Enter Unified Inbox, a new app designed to bring all of your inboxes together. It’s currently free in invite-only beta, and let’s find out how Unified Inbox can wrangle your email and social media accounts and keep you on top of your game. (more…)
When my mother gifted me a copy of Haruki Murakami’s IQ84 a few weeks ago, I felt weird holding reading material in my hands. I suddenly realized that most of the reading I did through 2012 was on screens, and consisted mainly of blog posts and articles online. While I’m not happy that my balance of reading literature and non-fiction is totally out of whack, I now understand that reading online is undeniably a big part of my life.
That said, it’s great to have tools to keep track of what you read on the web — I subscribe to RSS feeds aplenty using Google Reader, save stuff for later with Pocket, and have set up a recipe with IFTTT to push links from my favorited tweets to Pocket as well. But wouldn’t it be nice to have a community of fellow fans of longform content, to share new things to read with? Enter Readingly.
One of the things that I absolutely love about the web is that it’s a place where people can start to collaborate on projects and other things. As the web improves so does creating projects and collaborating on them, which opens up more possibilities for great things to happen. What is so great is that web apps are starting to replace desktop apps and are actually on par with them as far as features, and throw in social features and they’re even better than desktop apps could be.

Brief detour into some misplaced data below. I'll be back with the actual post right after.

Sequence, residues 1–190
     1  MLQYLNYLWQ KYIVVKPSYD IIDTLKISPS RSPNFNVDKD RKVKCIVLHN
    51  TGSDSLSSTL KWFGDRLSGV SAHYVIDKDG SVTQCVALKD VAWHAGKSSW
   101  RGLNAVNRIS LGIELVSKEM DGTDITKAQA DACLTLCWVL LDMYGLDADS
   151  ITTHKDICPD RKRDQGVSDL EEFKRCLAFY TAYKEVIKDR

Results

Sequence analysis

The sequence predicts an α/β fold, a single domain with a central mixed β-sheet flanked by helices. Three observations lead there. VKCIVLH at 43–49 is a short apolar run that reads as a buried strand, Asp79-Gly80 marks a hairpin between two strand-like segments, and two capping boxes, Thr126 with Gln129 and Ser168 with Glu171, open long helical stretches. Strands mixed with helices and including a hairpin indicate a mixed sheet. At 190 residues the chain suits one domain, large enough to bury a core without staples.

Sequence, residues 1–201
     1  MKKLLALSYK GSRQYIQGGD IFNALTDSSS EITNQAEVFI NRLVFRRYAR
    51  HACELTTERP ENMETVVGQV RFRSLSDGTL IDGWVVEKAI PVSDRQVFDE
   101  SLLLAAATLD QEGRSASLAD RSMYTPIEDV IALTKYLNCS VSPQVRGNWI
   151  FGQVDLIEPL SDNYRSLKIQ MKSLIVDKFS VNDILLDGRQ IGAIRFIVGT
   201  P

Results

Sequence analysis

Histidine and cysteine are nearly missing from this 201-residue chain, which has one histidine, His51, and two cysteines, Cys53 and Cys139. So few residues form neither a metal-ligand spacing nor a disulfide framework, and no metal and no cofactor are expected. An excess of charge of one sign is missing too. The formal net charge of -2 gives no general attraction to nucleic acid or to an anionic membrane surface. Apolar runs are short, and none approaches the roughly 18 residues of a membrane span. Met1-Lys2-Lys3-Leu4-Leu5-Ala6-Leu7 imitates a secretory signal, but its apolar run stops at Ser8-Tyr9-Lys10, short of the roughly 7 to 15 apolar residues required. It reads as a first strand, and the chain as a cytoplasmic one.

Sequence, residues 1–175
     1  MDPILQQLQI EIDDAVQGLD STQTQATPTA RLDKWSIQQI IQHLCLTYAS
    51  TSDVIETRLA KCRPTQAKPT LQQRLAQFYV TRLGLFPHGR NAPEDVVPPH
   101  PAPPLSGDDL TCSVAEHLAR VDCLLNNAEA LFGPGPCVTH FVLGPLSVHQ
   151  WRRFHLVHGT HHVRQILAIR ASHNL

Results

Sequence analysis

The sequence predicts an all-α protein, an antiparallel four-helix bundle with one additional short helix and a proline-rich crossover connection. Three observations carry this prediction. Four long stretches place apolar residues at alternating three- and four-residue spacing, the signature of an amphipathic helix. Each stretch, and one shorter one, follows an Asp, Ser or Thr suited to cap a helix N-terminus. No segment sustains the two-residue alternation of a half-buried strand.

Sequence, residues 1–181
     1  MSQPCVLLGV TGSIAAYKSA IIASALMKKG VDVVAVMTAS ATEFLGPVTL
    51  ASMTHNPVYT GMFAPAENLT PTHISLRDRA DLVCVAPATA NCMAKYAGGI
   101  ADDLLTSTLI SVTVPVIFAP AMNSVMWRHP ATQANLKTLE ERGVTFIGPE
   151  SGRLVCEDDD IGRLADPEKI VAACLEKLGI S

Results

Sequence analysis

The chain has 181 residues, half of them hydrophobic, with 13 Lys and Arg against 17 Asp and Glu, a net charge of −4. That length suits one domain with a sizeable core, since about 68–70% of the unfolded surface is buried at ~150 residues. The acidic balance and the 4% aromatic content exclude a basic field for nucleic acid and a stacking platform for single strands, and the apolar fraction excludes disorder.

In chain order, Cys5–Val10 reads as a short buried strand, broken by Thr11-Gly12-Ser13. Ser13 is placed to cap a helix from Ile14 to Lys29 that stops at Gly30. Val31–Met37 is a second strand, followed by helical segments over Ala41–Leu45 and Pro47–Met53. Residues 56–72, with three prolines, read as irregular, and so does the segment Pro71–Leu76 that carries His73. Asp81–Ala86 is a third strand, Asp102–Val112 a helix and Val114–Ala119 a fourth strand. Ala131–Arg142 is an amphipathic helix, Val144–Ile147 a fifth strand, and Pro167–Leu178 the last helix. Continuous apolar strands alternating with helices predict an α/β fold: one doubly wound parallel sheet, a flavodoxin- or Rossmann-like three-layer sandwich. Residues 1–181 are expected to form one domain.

Take for example a web app called Mural.ly, which gives the user a plain canvas on the web that they can use to their liking and then share it with others to collaborate on. What makes this so attractive is the fact that you can use Mural.ly for a wide variety of tasks and it can be used by just about anyone that needs a space to share things and get feedback. Not only that, but the developers of the app have made it very user friendly and have given you the ability to use many different formats to create your project. Let’s take a look.